Top 10 Drought-Tolerant Plants for the South Bay

Want to update your garden with drought-friendly plants?  Perhaps you want some California natives that will make garden maintenance easier for you.  Here’s a list of our favorite drought-tolerant plants that will thrive in the Bay Area on very little water (and work).

  1. Yarrow
    With while flower clusters and feather-like leaves, yarrow is a lovely addition to any garden. You may also find pink and yellow flowers. Named after Achilles, (botanical name: Achillea millefolium), yarrow was used to heal wounds on the battle field.

    yarrow white
  2. Blue-eyed Grass
    This beauty has vibrant blue flowers and small, iris-like leaves. Though not actually a grass, she is part of the iris family and only grows up to 1 foot tall. She handles competition in the garden well and spreads via underground rhizomes.  Want to attract bees?  Plant some of these.

    blueeyegrass more
    Blue-eyed Grass
  3. California Fuchsia Epilobium
    A hummingbird and butterfly favorite, it’s tubular flowers range from white, pink, orange to red.  When many natives go dormant in the summer, she is in full bloom!  Epilobium will happily grow in most California gardens without any additional water.

    California Fuchsia
  4. Yerba Buena
    A creeping ground cover spreading up to 3 feet, it produces tiny white flowers.  It smells great and makes a wonderful minty tea.

    YerbaBuena flower
    Yerba Buena
  5. Milkweed
    Producing beautiful flower clusters, milkweed is a butterfly host plant, so if you want to attract monarchs to your garden, these are a great drought-tolerant option.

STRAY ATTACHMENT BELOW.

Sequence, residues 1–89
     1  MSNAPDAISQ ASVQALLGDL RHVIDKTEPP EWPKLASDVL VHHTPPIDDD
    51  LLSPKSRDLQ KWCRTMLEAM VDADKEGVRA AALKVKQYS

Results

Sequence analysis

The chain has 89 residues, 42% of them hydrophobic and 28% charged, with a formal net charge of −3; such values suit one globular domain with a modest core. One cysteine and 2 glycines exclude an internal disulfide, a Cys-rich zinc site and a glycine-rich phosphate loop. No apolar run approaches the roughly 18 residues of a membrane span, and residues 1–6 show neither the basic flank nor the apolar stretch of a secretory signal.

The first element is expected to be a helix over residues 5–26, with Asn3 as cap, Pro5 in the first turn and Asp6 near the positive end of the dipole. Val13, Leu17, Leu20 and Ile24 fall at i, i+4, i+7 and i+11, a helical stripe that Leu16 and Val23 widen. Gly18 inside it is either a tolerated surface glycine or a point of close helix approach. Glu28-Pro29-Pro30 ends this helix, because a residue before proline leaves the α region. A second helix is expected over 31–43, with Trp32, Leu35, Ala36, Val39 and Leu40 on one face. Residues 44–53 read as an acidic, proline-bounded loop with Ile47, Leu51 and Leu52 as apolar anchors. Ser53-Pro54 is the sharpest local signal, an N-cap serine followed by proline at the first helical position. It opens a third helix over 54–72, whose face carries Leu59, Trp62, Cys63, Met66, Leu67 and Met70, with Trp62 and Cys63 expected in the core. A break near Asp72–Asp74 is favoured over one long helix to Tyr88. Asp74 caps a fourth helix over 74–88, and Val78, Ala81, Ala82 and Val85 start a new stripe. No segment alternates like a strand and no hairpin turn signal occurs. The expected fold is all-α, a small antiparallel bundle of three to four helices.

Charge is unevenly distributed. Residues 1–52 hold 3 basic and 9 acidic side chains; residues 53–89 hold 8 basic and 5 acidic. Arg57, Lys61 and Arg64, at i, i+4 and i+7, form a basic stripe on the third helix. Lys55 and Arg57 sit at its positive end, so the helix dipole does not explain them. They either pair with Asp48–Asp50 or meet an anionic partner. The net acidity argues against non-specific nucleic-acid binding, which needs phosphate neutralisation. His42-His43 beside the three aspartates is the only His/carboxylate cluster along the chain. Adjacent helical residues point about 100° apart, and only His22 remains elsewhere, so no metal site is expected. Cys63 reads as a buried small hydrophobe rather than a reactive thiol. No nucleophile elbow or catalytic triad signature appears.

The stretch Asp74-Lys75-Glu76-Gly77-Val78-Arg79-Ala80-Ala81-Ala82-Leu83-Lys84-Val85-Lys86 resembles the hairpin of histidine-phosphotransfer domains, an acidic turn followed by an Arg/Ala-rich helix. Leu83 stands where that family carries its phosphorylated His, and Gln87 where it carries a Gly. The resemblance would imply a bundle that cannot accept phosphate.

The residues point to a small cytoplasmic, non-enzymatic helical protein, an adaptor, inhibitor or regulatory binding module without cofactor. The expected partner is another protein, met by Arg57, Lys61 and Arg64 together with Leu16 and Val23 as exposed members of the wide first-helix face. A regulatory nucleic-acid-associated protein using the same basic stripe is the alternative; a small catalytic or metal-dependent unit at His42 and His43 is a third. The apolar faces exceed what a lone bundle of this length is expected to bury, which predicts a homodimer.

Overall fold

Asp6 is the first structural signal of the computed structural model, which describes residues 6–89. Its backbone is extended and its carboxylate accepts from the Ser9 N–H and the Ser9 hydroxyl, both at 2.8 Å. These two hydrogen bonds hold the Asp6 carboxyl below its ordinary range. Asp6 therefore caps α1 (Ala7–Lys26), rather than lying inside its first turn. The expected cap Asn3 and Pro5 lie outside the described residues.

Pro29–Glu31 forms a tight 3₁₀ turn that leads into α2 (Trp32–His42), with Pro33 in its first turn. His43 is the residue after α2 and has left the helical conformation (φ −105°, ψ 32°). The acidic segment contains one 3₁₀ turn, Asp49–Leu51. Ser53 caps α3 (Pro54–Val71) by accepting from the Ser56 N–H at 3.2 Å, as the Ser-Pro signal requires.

6. Manzanita
    Manzanitas can grow up to twenty feet tall and are known for their smooth red or mahogany bark. Their flowers resemble urns and can be white to pink in color. Manzanitas look great year round and stay healthy and vibrant even in the hottest months.

    manzanita flower
  7. Ceanothus
    Also known as ‘California lilac’, Ceanothus’ are incredibly fragrant, colorful shrubs. Their flowers are primarily blue and come in a wide variety of shades. They are evergreen, very drought tolerant and make a great hedge. Deer love them, too.

  8. Monkey flower
    Evergreen shrubs ~4 feet tall with prolific orange-yellow flowers in spring and summer. A California native that attracts hummingbirds, it supposedly gets its name because flowers looks like a smiling monkey (we can’t see it – can you?)

    monkey flower
    Monkey Flower
  9. White sage
    The leaves of this sage start out wrinkly and grey-green, then turn in to a beautiful, smooth white. It doesn’t need any extra water after it’s first year. The dried leaves have been used in the Native American culture (and more broadly in recent years), burned in ceremony as a smudge.

    white sage
    White Sage
  10. Gooseberry
    While the plant may be spiny, the tasty berries it produces will more than make up for it.  Both you and the birds will love them.  Trespassers, not so much.

    gooseberry closeup


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